It seems as though new technology no longer arrives in waves, but in a wave — in one continuous rush of innovation. For the techophiles among us, it's paradise. For the rest of us, it can sometimes feel overwhelming.
Fortunately, freelance writer David DeJean, a self–described computer nut and compulsive gadgeteer, has a raft of suggestions that are not only cool, but affordable. At less than $200 each, these gadgets will keep you on the cutting edge without pushing your finances over it.
If James Bond has a Palm™, he almost certainly has a PalmPort. "If you don't have a Palm, this keyboard is reason enough to get one," says DeJean. It's a full–sized keyboard that folds up to about the size of a checkbook. Once you open it and hook it up to your Palm, "you have the smallest laptop in the world."
The PalmPort keyboard comes in models compatible with the Palm III, Palm VII, and M100 series, as well as with the PalmV and the m125 and m500 series.
Keeping with the theme of turning your Palm into the world's smallest laptop, Dejean recommends the OmniSky™ modem (compatible with the Palm V, Vx, or Handspring Visor™ Platinum, Prism, or Edge), which gives you wireless access to email and a variety of Web services, including online shopping and Web surfing. It's anytime, anywhere Web access in the palm of your hand.
Digital pens are remarkable devices that allow you to take notes on both paper and digital notebooks — and then transfer everything you've written directly to your computer. All you have to do is put the pen in a USB cradle (included with the digital pen) and you won't have to type out any of your notes.
What's more, it preserves your notes in their original, handwritten form and even updates your electronic appointment book.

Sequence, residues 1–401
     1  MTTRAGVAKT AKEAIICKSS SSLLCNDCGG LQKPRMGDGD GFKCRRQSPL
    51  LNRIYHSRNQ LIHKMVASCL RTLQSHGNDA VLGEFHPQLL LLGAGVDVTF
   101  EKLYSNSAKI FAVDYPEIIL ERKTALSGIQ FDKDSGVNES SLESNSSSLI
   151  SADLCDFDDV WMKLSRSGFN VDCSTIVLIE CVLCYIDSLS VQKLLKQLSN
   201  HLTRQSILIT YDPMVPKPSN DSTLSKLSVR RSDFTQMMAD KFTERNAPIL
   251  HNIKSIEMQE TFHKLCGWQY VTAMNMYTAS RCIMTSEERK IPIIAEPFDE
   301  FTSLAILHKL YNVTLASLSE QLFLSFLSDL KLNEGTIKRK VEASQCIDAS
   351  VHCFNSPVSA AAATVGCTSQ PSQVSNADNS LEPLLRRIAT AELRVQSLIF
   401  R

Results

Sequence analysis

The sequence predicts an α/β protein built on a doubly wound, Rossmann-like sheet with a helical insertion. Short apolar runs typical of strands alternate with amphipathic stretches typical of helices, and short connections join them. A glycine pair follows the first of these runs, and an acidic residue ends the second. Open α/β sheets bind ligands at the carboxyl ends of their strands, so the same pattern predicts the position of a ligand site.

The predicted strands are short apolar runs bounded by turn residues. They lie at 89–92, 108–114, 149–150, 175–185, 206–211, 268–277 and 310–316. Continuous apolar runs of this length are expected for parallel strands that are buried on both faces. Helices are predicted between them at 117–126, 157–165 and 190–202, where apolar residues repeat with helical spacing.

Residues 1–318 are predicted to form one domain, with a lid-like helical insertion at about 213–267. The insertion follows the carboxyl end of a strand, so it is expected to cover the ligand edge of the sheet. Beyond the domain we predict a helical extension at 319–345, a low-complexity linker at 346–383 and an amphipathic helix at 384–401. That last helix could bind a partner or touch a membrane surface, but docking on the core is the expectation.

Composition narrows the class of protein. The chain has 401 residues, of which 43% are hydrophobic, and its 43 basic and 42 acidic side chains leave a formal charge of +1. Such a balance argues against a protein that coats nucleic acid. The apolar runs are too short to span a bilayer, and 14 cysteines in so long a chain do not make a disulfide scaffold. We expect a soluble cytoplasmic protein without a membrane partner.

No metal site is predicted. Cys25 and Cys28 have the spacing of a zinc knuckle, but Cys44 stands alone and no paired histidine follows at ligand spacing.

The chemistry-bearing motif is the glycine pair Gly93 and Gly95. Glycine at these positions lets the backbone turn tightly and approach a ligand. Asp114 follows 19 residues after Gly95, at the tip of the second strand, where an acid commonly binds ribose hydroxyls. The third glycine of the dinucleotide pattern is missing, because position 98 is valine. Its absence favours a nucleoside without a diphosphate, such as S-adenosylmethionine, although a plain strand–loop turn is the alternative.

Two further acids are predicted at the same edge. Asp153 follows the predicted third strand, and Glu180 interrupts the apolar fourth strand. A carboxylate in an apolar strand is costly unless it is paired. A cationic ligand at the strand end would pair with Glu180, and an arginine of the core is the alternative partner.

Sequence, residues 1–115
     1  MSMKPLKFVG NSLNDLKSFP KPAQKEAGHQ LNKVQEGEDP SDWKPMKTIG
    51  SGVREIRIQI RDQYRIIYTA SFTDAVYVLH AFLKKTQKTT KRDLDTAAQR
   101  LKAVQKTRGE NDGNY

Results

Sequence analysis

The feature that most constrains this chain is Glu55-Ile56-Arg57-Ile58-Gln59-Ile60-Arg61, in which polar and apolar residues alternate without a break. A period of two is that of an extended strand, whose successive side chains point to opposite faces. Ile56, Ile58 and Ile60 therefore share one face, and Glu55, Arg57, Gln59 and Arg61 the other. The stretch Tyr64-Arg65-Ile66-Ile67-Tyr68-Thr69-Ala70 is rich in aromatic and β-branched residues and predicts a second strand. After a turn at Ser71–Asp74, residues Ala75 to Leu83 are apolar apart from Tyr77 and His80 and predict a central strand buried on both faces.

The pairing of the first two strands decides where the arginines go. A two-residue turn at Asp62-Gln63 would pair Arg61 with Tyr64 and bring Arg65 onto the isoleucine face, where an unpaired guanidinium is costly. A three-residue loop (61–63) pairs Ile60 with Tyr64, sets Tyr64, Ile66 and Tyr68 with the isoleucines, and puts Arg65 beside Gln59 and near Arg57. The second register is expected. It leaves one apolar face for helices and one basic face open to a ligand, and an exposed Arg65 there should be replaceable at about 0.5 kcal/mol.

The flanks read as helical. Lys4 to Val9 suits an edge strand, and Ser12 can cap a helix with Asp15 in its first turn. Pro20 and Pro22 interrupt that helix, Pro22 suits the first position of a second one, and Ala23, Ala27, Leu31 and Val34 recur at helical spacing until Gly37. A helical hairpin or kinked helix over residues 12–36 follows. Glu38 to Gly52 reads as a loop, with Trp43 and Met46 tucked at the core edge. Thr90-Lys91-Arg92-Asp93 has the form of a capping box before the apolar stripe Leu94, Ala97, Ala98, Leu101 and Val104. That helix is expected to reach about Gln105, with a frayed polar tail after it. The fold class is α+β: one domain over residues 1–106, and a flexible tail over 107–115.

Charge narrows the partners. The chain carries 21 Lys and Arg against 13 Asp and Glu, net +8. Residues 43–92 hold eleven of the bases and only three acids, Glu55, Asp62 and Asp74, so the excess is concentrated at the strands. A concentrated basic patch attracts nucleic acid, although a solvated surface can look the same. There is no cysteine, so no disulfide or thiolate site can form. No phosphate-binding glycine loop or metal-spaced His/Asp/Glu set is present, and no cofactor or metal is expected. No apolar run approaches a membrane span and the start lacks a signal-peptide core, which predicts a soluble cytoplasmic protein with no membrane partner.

If you don't have a CD burner (also known as a CD–RW drive), it's time to get one. A CD–RW drive not only enables you to burn and share your favorite CDs, but it also helps you store documents, video presentations, and digital photos on a CD. Choose between a CD–RW drive that can be installed inside your computer, and one that can connect to your computer's USB port.
For not much money, you can add a GPS satellite navigator to your handheld. The GPS uses satellite technology to help you know where you are, and where you're going — whether you're in the city, fishing at sea, or hiking deep in the mountains. (Check availability.)
Tired of using a mouse pad, or of using a mouse that sticks easily? DeJean recommends optical mice (mice that record information optically instead of with a ball). Since they don't have moving parts, optical mice break down less frequently.
Optical mice are great, says DeJean. They don't have a track ball, so they don't get gummed or hung up.
The most portable USB storage drive available. Small, removable hard drives are about the size of a stick or gum or a car key, which makes carrying around information downloaded from your computer easier and more convenient than ever. Since they connect to a USB port, they're also pretty fast. Check availability.